Agenda Item No.
THE VALE OF GLAMORGAN COUNCIL
PLANNING COMMITTEE: 17TH MARCH,
REFERENCE FROM CABINET: 21ST
ARRANGEMENTS FOR CHARGING FOR PRE-APPLICATION PLANNING ADVICE (PT)
(SCRUTINY - ECONOMY AND ENVIRONMENT) -
Cabinet considered the introduction of fees
for pre-application planning advice for specific types of
development and were requested to review the hourly rate for
providing general planning information and advice.
Section 93 of the Local Government Act 2003,
which was enacted in Wales in 2006 provided power for authorities,
as defined in the Local Government Act 1999, to charge for
discretionary services. Discretionary services were those
services that an authority had the power but not a duty to
Currently, the authority provided a free
pre-application advice service to all. In the financial year
2009/10 the Development Control Group received 500 requests for
pre-application advice. Requests for such advice were
encouraged to be in writing to keep proper records, but advice was
also provided by phone or in meetings. The extent of advice
provided was limited by the staff resources available and the need
to complete programmed work, for which a planning fee had been
paid, or to process appeals or enforcement complaints which had to
be completed to set statutory deadlines. Planning fees were
paid for most planning applications, lawful development
certificates, most prior notification submissions and High Hedge
Requests for advice on whether planning
permission would be granted needed to be researched and detailed
responses provided. This is similar to part of the work
involved in assessing a planning application (where a fee would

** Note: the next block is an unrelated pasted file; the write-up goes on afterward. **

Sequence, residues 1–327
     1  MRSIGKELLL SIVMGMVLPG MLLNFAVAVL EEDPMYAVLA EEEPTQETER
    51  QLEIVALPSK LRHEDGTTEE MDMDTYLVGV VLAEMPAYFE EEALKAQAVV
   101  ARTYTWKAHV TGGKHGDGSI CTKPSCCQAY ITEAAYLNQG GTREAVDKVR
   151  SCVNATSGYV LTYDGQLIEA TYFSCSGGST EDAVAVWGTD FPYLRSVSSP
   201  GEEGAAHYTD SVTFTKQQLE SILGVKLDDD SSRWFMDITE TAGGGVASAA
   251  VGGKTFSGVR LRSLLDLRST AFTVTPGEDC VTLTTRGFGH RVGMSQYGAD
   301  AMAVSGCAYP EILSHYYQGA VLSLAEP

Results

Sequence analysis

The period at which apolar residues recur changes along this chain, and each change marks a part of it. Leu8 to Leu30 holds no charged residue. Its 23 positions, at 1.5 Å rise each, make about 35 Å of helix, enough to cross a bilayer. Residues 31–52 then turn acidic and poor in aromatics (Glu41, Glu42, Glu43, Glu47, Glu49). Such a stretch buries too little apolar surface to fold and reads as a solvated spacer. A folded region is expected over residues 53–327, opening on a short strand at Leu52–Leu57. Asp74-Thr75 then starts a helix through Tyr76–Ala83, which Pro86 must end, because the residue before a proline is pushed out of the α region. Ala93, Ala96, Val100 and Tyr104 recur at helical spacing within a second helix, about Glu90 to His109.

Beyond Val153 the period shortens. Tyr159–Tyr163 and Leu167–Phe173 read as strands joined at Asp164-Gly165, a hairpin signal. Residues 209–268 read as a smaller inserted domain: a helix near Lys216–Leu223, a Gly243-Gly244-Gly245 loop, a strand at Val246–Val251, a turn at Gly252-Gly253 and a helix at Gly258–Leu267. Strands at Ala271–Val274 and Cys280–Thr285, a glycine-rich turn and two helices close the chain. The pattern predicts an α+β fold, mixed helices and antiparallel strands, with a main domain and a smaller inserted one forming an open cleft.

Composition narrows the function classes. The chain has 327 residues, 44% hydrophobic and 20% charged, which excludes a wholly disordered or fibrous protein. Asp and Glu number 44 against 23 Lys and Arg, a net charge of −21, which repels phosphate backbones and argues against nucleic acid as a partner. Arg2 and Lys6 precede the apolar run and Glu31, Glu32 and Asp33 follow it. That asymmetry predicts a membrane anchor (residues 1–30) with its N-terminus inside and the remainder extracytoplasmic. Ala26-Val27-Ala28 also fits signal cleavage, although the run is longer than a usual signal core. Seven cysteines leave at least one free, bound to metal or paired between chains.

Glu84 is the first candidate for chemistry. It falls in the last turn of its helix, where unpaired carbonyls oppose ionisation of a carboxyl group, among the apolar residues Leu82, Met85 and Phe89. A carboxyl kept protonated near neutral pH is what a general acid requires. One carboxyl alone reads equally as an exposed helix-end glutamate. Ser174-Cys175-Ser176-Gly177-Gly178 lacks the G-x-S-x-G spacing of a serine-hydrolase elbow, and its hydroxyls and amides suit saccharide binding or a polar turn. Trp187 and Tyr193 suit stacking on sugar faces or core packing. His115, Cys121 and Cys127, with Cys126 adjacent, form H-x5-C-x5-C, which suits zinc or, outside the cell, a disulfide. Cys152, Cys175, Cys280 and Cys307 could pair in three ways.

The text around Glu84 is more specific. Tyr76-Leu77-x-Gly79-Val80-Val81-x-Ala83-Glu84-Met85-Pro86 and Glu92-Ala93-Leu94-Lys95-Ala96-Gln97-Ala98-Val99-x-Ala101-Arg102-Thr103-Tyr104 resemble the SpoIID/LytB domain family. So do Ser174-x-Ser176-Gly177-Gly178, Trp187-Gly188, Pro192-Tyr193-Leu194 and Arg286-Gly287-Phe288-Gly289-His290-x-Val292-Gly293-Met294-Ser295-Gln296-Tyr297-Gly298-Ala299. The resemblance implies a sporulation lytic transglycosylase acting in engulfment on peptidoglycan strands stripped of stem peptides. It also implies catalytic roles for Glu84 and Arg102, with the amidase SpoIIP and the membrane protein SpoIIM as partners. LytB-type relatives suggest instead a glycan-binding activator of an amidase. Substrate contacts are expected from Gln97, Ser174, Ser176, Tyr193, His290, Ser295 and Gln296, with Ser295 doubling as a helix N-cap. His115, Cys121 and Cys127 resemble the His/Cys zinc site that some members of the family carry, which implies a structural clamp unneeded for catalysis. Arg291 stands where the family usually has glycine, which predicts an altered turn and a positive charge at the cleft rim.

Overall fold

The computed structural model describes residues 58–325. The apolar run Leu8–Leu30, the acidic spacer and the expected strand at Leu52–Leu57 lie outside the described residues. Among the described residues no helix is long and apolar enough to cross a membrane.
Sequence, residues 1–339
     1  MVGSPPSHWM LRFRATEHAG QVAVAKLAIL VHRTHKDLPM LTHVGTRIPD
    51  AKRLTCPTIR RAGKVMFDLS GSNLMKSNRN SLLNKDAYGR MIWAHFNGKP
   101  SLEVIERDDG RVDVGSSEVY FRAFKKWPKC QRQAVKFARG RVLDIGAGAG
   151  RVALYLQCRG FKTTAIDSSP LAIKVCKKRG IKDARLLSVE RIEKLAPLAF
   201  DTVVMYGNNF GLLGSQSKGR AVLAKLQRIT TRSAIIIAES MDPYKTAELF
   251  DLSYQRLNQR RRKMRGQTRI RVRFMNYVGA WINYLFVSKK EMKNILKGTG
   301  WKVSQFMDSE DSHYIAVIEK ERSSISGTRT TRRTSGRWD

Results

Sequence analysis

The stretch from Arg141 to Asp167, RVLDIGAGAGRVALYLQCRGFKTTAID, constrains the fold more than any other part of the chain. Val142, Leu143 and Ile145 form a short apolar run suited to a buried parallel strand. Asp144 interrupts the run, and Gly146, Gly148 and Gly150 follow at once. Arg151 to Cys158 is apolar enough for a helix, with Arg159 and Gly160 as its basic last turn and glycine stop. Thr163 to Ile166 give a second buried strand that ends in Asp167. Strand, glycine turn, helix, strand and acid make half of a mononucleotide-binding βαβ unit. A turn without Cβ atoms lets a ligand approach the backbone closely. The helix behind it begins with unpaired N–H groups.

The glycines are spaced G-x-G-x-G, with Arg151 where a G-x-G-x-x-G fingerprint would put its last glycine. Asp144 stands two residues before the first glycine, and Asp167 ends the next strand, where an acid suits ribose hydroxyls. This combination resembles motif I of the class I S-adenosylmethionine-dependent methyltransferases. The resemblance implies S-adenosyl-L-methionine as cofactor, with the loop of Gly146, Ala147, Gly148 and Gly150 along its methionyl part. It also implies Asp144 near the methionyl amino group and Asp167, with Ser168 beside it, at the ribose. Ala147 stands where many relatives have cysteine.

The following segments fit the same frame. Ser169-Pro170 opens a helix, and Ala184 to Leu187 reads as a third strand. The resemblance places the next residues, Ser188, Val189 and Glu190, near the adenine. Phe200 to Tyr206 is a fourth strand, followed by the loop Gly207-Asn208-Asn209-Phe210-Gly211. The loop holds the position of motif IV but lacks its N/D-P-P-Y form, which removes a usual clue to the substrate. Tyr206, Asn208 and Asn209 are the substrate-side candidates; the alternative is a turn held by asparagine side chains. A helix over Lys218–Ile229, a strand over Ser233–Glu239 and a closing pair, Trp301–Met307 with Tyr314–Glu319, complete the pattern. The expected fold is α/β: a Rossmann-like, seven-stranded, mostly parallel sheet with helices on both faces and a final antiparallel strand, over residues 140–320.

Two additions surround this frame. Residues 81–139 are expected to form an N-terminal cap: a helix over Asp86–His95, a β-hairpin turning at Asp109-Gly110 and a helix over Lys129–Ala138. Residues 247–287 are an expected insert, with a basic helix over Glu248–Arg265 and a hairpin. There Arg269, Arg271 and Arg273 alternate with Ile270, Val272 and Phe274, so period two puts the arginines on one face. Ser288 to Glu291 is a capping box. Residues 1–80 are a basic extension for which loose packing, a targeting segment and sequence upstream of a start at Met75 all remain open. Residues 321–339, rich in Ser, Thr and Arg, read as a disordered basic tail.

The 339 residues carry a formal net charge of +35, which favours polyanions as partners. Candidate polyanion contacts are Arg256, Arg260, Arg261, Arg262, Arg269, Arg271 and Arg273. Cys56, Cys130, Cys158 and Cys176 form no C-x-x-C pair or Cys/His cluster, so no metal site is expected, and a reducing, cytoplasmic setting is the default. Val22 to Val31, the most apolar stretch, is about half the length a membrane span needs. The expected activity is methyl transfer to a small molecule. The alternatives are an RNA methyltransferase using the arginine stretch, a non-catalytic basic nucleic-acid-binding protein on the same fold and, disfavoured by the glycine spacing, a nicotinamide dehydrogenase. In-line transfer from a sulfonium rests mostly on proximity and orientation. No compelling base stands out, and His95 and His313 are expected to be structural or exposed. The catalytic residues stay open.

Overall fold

have to be paid).
Not all proposals that were the subject of
pre-application discussions resulted in the submission of a
planning application and associated fees. It was not uncommon
for a developer to propose a very major scheme and insist that it
needed to be considered by senior officers at several different
meetings but then not to progress with the proposal.
Furthermore, such advice could be totally ignored by
Research had been undertaken into charging for
pre-application advice by the Planning Advisory Service (PAS), a
government funded organisation. This research had found that
Councils in England consider that charges have focussed the minds
of agents they deal with. Other Councils were particularly
pleased that when they introduced pre-application charging there
was an appreciable reduction in time wasting enquiries creating
more time for officers to undertake more productive elements of
Cabinet noted that the trend for charging for
pre-application advice was increasing in Wales with Bridgend,
Carmarthenshire, Ceredigion, Denbighshire and Brecon Beacons
National Park recently introducing pre-submission charging
It was proposed that charges apply to major
developments such as new residential developments, change of use of
buildings over 1000m², new buildings and extensions over 1000m², mixed used
developments over 1000m², other large scale/complex applications
such as a small wind farm, and minor developments such as 1-9
dwellings, change of use of buildings under 1000m², new buildings
and extensions to non-residential buildings between up to 1000m² in
size, mixed use development less than 1000m² and